Going-to-the-Sun Road — Simply stated, you won’t find a more breathtakingly beautiful and challenging paved ride in all of America. The hale and hearty who head up this famed highway are rewarded with spectacular scenery, plus bragging rights for conquering the 3,500-foot elevation gain from Lake McDonald to Logan Pass. Distance from the park’s west entrance is 32 miles. The first half is fairly flat; needless to say, the second half isn’t. (Make sure your brakes are tuned up for the return trip.) Restrictions apply; visit the park’s website for more information.


Need to rent (or buy) a ride? Get geared up in Kalispell at the following shops:

Sportsman Ski Haus — 145 Hutton Ranch Road, Kalispell, 406-755-6484.
Wheaton’s — 214 1st Avenue West, Kalispell, 406-257-5808.


Lone Pine State Park (mountain bike)  — More than six miles of hiking/biking trails, from well surfaced to steep single track, topped off by a terrific Visitor Center and fantastic bird’s eye views of the entire valley.  Lone Pine State Park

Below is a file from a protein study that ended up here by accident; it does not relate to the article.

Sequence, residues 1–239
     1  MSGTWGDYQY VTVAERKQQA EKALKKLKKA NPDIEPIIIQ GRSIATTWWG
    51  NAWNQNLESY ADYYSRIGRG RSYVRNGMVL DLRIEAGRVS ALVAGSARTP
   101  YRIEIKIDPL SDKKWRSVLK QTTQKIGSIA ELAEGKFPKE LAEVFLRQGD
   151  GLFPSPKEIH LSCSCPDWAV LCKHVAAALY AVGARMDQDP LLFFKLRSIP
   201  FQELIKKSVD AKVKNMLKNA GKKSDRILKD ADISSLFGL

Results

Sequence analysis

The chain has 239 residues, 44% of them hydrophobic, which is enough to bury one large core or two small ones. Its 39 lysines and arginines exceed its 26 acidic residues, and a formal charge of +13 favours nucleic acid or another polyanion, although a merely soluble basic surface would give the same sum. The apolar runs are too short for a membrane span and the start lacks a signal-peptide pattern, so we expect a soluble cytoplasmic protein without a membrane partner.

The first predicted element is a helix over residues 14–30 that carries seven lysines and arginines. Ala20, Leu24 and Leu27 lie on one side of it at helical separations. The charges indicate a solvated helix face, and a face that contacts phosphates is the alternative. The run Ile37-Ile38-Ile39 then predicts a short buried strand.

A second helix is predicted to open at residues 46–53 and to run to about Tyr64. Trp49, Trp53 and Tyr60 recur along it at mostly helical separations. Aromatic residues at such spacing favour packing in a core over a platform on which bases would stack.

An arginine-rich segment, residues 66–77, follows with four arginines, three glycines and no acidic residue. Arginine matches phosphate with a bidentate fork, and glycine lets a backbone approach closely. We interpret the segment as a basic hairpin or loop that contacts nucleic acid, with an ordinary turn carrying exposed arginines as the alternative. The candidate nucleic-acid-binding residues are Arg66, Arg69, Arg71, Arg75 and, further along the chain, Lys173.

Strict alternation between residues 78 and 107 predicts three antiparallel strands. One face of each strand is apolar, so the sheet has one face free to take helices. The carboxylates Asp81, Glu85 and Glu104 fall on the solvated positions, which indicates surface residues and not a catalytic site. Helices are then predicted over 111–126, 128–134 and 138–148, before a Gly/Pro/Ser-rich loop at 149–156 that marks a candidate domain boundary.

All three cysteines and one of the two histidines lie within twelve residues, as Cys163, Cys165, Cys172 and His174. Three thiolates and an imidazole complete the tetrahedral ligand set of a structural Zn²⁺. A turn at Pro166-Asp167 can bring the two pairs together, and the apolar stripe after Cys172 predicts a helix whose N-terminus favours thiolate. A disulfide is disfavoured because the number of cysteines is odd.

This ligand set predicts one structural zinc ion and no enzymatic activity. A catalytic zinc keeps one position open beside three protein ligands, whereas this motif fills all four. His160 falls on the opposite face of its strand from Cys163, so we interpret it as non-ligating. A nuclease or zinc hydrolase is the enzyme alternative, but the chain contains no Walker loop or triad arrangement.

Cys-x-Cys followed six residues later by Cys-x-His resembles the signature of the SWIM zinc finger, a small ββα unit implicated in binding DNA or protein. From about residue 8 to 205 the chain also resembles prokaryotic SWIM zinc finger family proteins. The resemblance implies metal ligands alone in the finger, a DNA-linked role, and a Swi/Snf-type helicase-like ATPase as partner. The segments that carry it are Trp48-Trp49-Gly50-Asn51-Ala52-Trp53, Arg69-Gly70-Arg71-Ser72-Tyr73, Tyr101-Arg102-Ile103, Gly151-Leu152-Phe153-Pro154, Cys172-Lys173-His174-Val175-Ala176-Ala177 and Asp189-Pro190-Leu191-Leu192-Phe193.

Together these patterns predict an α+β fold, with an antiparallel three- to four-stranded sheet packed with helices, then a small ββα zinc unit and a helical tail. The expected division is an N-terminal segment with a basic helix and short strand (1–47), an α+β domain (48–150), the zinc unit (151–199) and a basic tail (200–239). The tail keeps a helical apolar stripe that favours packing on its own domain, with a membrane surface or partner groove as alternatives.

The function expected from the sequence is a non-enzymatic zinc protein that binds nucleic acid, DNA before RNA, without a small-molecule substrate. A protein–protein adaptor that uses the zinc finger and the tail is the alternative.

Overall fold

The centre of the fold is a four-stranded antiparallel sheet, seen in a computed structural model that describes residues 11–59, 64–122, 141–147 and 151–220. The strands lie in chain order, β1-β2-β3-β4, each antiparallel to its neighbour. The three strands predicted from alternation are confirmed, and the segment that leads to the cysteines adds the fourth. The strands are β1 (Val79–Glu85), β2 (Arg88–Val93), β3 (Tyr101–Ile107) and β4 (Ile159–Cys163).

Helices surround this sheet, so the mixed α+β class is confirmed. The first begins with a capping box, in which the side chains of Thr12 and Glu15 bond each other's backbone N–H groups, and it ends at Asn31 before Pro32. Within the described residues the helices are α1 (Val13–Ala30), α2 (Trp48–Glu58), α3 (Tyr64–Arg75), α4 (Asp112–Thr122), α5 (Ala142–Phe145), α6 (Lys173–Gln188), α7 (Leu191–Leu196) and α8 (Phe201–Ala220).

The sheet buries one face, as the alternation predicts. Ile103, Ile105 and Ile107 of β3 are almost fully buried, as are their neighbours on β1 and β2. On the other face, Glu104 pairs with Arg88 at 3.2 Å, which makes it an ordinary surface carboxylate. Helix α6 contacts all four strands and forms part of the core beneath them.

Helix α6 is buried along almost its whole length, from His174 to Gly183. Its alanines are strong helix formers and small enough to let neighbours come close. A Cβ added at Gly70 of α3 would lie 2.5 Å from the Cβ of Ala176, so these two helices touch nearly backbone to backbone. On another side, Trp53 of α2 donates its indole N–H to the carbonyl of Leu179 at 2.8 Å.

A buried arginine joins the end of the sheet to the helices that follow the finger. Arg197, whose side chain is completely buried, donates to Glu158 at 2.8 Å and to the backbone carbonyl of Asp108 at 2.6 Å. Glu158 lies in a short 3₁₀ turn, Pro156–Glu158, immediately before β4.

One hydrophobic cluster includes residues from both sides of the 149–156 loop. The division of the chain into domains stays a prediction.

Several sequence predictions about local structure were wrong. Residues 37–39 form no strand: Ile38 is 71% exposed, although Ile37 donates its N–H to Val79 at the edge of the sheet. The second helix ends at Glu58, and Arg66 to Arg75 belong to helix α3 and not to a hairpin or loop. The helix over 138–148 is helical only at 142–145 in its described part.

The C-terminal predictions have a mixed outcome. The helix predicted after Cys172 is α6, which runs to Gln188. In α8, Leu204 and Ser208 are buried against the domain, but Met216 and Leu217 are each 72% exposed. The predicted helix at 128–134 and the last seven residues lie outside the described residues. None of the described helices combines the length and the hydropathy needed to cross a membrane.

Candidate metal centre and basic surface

Fish Trails (road bike)  — 12 miles of pedestrian/bike paths around the city. Access from Edgewood off Wisconsin Avenue after crossing over the Burlington Northern viaduct.

Spencer Mountain (mountain bike) — About 15 miles of established trails for bikers, hikers, and horseback riders, taking off from Spencer Lake 4 miles north of Whitefish at Twin Bridges Road.

Big Mountain Road (road bike) — About 5 miles and 1,500 vertical feet of up, rewarded with 5 miles of down. A road biker’s nemesis and heaven, rolled into one.

Whitefish Mountain Resort (mountain bike) — Hang your mountain bike on the lift and sashay up “the Big” to free ride over 20 miles of cross country trails from the superbly scenic Summit Trail to the Runaway Train. Bike rentals available at Snow Ghost Outfitters in the Village; 406-862-1996. Whitefish Mountain Resort Mountain Biking